Pharmacoepidemiology. Huang, Boji. Pharmacoepidemiology is the study of the use of the effects of drugs in large numbers of people. The term pharmacoepidemiology contains two components: "pharmaco" and "epidemiology.".
Download Policy: Content on the Website is provided to you AS IS for your information and personal use and may not be sold / licensed / shared on other websites without getting consent from its author.While downloading, if for some reason you are not able to download a presentation, the publisher may have deleted the file from their server.
Pharmacoepidemiology is the study of the use of the effects of drugs in large numbers of people. The term pharmacoepidemiology contains two components: "pharmaco" and "epidemiology."
The joining of the fields of clinical pharmacology and epidemiology has resulted in the development of a new field: pharmacoepidemiology, the study of the use of and the effects of drugs in large numbers of people.
Pharmacoepidemiology applies the methods of epidemiology to the content area of clinical pharmacology.
Pharmacoepidemiology encompasses elements of both of these fields, exploring the effects achieved by administering a drug regimen. It does not normally involve or require the measurement of drug levels.
Pharmacoepidemiology has become the science underlying postmarketing drug surveillance, studies of drug effects which are performed after a drug has been marketed.
In attempting to optimize the use of drugs, one central principle of clinical pharmacology is that therapy should be individualized, or tailored to the needs of the specific patient at hand.
Clinical pharmacology is traditionally divided into two basic areas, pharmacokinetics and pharmacodynamics.
Together, these two fields allow one to predict the effect one might observe in a patient from administering a certain drug regimen.
Specifically, the field of pharmacoepidemiology has primarily concerned itself with the study of adverse drug effects including Type A and Type B reactions.
The usual approach to studying adverse drug reactions has been the collection of spontaneous reports of drug-related morbidity or mortality.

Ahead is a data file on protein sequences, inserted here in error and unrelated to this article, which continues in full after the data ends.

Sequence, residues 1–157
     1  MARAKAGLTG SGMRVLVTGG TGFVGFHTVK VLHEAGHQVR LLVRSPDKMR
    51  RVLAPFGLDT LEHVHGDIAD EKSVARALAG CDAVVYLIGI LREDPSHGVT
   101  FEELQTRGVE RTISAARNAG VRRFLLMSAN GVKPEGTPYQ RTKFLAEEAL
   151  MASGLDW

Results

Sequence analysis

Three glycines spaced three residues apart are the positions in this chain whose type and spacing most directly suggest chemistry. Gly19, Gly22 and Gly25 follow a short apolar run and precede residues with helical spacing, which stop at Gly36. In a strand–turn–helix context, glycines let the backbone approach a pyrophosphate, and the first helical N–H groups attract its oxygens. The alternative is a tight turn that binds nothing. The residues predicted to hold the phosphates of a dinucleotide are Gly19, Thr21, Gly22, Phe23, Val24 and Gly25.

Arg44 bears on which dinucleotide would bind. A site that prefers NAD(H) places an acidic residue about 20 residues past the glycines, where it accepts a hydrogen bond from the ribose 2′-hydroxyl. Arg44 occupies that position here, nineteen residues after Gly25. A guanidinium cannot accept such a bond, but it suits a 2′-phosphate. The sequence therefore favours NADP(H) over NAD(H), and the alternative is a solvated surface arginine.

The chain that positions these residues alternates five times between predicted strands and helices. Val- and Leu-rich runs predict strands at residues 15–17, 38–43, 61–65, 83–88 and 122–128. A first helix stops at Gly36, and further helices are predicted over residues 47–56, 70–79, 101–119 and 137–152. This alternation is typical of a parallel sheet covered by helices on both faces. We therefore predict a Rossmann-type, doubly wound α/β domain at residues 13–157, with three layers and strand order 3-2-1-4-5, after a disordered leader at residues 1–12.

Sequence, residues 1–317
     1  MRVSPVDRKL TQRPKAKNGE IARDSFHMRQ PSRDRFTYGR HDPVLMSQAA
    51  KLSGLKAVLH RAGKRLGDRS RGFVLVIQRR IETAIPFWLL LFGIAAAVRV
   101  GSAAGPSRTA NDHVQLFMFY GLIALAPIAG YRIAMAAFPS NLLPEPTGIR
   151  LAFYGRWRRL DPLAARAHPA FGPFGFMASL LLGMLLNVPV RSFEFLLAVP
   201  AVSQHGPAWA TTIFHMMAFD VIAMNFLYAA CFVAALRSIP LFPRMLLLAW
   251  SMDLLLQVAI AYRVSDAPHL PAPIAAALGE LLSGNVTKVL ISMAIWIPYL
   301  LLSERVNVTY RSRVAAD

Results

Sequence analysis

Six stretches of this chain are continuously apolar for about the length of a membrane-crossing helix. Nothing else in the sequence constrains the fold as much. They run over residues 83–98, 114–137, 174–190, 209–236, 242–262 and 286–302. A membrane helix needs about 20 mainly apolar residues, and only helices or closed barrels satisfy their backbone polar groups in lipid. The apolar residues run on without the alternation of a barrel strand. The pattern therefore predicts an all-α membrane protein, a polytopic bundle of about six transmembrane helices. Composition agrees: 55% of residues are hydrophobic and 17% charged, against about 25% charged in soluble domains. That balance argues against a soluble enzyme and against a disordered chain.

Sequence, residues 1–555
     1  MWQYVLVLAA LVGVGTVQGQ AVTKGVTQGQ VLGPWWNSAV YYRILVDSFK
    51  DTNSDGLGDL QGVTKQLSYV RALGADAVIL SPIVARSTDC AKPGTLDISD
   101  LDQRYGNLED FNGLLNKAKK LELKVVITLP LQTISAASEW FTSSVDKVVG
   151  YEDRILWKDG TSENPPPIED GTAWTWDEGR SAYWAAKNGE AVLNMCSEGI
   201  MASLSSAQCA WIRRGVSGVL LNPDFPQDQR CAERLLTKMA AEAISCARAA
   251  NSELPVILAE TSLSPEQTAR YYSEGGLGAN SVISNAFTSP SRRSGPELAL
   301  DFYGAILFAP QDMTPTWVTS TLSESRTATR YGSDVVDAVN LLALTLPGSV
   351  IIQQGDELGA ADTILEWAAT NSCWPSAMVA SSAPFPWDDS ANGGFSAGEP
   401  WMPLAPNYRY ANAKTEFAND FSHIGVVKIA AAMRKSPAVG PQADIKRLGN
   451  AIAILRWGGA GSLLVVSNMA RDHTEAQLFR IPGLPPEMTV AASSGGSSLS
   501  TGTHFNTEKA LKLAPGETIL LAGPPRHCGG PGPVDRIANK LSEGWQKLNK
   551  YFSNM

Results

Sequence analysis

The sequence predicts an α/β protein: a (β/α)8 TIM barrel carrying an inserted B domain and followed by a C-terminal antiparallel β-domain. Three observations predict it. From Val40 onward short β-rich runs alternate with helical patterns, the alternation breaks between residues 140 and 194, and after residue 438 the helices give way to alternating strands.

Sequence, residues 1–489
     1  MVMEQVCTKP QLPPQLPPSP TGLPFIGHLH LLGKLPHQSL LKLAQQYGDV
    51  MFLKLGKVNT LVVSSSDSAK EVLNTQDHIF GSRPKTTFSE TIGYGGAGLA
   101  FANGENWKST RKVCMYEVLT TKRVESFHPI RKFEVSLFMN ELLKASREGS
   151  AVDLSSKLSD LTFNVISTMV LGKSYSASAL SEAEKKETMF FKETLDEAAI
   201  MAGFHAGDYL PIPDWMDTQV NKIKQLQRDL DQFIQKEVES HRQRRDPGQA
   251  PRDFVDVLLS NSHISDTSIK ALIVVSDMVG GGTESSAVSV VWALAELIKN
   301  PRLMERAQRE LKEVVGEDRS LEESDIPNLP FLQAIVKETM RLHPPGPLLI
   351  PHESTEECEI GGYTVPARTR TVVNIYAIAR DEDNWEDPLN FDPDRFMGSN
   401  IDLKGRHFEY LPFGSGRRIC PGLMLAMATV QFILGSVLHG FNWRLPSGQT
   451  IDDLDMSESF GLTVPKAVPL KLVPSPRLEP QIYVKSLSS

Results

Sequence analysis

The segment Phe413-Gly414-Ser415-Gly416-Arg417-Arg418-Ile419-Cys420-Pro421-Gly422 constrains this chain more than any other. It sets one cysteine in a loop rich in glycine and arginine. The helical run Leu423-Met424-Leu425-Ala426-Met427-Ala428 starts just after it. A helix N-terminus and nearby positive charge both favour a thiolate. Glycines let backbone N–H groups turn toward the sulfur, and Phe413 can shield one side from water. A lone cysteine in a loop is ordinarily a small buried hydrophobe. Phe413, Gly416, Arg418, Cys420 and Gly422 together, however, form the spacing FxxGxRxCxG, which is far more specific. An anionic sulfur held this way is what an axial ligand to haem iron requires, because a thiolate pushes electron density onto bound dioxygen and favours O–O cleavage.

However, determining causation in case reports of adverse reactions can be problematic, as can attempts to compare the effects of drugs in the same class.
This has led academic investigators, industry, FDA, and the legal community to turn to the field of epidemiology.
Specifically, studies of adverse effects have been supplemented with studies of adverse events.
This marriage of the fields of clinical pharmacology and epidemiology has resulted in the development of a new field: pharmacoepidemiology.
Since pharmacoepidemiology is the study of the use of and effects of drugs in large numbers of people, it falls within epidemiology, as well. Epidemiology is also traditionally subdivided into two basic areas.
The pharmacoepidemiology field uses the techniques of chronic disease epidemiology to study the use of and the effects of drugs.
Although pharmacoepidemiology method application can be useful in performing the clinical trials of drugs which are performed prior to marketing, the major application of these principles is after drug marketing.
This has primarily been in the context of post-marketing drug surveillance, although in recent years the interests of pharmacoepidemiologists have broadened.
Thus, pharmacoepidemiology is a relatively new applied field, bridging between clinical pharmacology and epidemiology.
From clinical pharmacology, pharmacoepidemiology borrows its focus of inquiry. From epidemiology, pharmacoepidemiology borrows its methods of inquiry.
In other words, it applies the methods of epidemiology to the content area of clinical pharmacology.
In the process, multiple special logistical approaches have been developed and multiple special methodological issues have arisen.